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Tuesday, October 19 | 9AM PDT | 12PM EDT | 6PM GMT+1

Two- and Three-Photon Imaging of Neurovascular Coupling Across Neocortical Layers

presented by Prakash Kara, Ph.D., Professor of Neuroscience, University of Minnesota

Join this webinar to learn how two- and three-photon imaging can be optimized and used to study sensory stimulus selectivity and neurovascular coupling in vivo.

  • Discover recent, cutting-edge applications of two-photon and three-photon imaging, specifically in the study of individual blood vessels and related sensory stimuli.
  • Gain new insight into the scope of research opportunities enabled by the successful investigation of blood vessels in the white matter, below the neocortex, with multiphoton imaging.
  • Hear about recent multiphoton research focused on the neural correlates of hemodynamic responses and the spatial limits of neurovascular coupling in the neocortex.

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Presenter's Abstract


The brain has a mechanism for increasing blood flow locally to regions with increased neural activity. This increase in blood flow generates signals that can be measured when using functional magnetic resonance imaging (fMRI). However, the precise spatial scale over which neural and vascular signals are correlated is largely unknown. This is of particular importance in the neocortex where lateral and laminar circuits are distinctly organized within and across mammalian species. While previous work has focused on molecular mechanisms of signaling between neurons and blood vessels, the extent to which individual blood vessels are locally ‘tuned’ for different categories of sensory stimuli was not examined until a recent study from my laboratory. We have been using two-photon and three-photon imaging in rodent and non-rodent mammals to measure sensory-evoked responses of individual blood vessels (dilation, blood velocity) while imaging neural activity in the surrounding tissue using fluorescent glutamate and calcium sensors. More recently, we have also been imaging blood vessels in the white matter, below the neocortex. In my Bruker Webinar, I will present multi-photon data which begin to address the neural correlates of hemodynamic responses and the spatial limits of neurovascular coupling in the neocortex.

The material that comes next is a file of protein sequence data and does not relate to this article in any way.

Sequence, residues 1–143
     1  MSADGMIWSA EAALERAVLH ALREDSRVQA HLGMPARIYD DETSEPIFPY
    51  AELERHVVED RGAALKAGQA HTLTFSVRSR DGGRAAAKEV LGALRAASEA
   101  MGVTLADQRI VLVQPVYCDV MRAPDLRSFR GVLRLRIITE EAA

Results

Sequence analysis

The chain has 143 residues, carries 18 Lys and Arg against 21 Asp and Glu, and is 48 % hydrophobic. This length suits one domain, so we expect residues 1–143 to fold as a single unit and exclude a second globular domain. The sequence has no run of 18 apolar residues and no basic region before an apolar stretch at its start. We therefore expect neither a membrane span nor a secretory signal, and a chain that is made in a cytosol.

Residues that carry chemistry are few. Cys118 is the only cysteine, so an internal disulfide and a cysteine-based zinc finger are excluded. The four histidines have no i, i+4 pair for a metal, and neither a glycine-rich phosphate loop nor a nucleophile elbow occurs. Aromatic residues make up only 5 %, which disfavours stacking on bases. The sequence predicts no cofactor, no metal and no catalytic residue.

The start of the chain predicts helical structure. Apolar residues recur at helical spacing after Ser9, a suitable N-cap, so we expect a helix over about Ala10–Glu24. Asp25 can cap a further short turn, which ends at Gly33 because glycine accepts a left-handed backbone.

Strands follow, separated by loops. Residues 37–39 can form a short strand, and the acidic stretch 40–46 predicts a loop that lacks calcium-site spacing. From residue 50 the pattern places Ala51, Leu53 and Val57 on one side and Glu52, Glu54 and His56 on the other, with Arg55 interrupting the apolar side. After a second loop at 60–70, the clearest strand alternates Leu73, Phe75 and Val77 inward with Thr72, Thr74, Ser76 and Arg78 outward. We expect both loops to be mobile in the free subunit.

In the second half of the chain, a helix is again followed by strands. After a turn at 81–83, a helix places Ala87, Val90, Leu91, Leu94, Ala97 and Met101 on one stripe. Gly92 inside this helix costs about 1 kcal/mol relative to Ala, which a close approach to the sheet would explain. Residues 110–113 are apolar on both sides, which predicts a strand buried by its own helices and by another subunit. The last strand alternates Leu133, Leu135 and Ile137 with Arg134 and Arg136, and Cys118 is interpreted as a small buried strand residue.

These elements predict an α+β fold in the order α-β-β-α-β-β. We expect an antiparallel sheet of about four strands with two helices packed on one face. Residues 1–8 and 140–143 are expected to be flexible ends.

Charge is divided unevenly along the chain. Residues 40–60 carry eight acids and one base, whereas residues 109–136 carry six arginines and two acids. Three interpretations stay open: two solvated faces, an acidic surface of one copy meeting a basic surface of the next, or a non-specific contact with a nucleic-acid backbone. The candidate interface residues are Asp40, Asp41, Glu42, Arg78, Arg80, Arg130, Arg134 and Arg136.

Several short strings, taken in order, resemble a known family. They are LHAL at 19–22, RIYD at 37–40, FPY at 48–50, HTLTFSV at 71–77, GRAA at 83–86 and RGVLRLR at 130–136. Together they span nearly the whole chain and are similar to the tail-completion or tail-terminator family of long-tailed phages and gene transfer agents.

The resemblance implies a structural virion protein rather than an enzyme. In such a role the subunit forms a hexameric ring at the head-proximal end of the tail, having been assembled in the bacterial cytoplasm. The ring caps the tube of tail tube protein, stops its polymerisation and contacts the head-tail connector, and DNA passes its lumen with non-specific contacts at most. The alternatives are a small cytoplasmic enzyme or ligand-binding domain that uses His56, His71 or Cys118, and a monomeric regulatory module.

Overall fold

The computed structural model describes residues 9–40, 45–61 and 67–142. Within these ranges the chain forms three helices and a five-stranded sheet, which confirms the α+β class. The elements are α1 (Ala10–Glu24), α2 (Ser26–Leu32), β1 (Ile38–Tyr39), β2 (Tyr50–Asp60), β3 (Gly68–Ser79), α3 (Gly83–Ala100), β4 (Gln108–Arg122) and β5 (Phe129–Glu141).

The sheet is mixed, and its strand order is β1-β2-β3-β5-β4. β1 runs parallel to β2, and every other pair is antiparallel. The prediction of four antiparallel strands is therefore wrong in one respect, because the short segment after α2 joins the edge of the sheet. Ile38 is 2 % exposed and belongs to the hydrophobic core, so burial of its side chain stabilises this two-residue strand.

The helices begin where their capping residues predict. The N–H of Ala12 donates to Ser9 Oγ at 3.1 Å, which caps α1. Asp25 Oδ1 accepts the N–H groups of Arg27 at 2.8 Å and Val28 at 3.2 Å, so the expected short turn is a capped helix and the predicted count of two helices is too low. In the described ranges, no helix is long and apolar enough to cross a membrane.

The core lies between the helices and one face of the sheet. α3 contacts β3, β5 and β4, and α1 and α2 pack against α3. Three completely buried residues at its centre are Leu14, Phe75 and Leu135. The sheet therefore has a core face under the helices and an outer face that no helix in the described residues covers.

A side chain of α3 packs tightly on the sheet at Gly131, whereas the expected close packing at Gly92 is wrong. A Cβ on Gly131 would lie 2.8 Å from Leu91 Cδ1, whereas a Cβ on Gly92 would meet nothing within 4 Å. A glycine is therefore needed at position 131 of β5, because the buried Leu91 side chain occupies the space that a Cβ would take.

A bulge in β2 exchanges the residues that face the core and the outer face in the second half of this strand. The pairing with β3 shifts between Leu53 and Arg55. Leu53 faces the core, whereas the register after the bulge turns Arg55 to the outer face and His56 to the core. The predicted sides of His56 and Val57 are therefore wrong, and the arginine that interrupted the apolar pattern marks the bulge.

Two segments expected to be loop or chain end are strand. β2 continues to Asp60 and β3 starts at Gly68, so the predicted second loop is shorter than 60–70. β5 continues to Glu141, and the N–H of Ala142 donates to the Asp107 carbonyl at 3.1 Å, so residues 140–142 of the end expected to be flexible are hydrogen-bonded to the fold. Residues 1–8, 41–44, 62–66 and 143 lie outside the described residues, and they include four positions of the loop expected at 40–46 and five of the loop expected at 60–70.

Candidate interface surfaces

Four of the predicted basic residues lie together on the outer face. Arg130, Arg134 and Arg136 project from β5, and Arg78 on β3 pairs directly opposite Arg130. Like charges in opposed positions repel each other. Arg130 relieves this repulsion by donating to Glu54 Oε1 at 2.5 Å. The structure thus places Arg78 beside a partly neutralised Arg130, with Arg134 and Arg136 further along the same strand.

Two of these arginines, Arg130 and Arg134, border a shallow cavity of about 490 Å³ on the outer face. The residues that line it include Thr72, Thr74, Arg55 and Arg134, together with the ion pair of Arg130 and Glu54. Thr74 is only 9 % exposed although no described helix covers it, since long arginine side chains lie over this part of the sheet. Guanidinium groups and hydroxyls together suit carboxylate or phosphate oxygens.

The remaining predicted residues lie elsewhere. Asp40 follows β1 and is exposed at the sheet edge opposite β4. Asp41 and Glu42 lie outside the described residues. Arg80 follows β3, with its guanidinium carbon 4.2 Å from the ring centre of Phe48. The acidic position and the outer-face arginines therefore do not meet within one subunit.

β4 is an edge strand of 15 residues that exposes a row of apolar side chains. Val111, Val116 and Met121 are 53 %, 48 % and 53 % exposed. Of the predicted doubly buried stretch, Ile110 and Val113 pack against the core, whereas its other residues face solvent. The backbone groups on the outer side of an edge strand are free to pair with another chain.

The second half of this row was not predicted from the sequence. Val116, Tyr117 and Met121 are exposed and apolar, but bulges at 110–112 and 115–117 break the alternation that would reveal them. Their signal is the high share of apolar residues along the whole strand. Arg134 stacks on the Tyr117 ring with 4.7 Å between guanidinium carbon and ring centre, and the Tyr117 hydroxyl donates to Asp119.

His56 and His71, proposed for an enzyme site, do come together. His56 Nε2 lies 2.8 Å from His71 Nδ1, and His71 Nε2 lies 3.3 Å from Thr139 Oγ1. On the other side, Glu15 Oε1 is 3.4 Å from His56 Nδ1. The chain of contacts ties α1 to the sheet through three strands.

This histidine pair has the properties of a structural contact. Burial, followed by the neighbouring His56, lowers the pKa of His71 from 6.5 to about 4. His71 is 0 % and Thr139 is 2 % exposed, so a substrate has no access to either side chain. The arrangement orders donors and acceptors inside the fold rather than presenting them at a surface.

More details on this research are available at Dr. Kara's lab website:

Guest Speaker

Prakash Kara, Ph.D., Professor of Neuroscience, University of Minnesota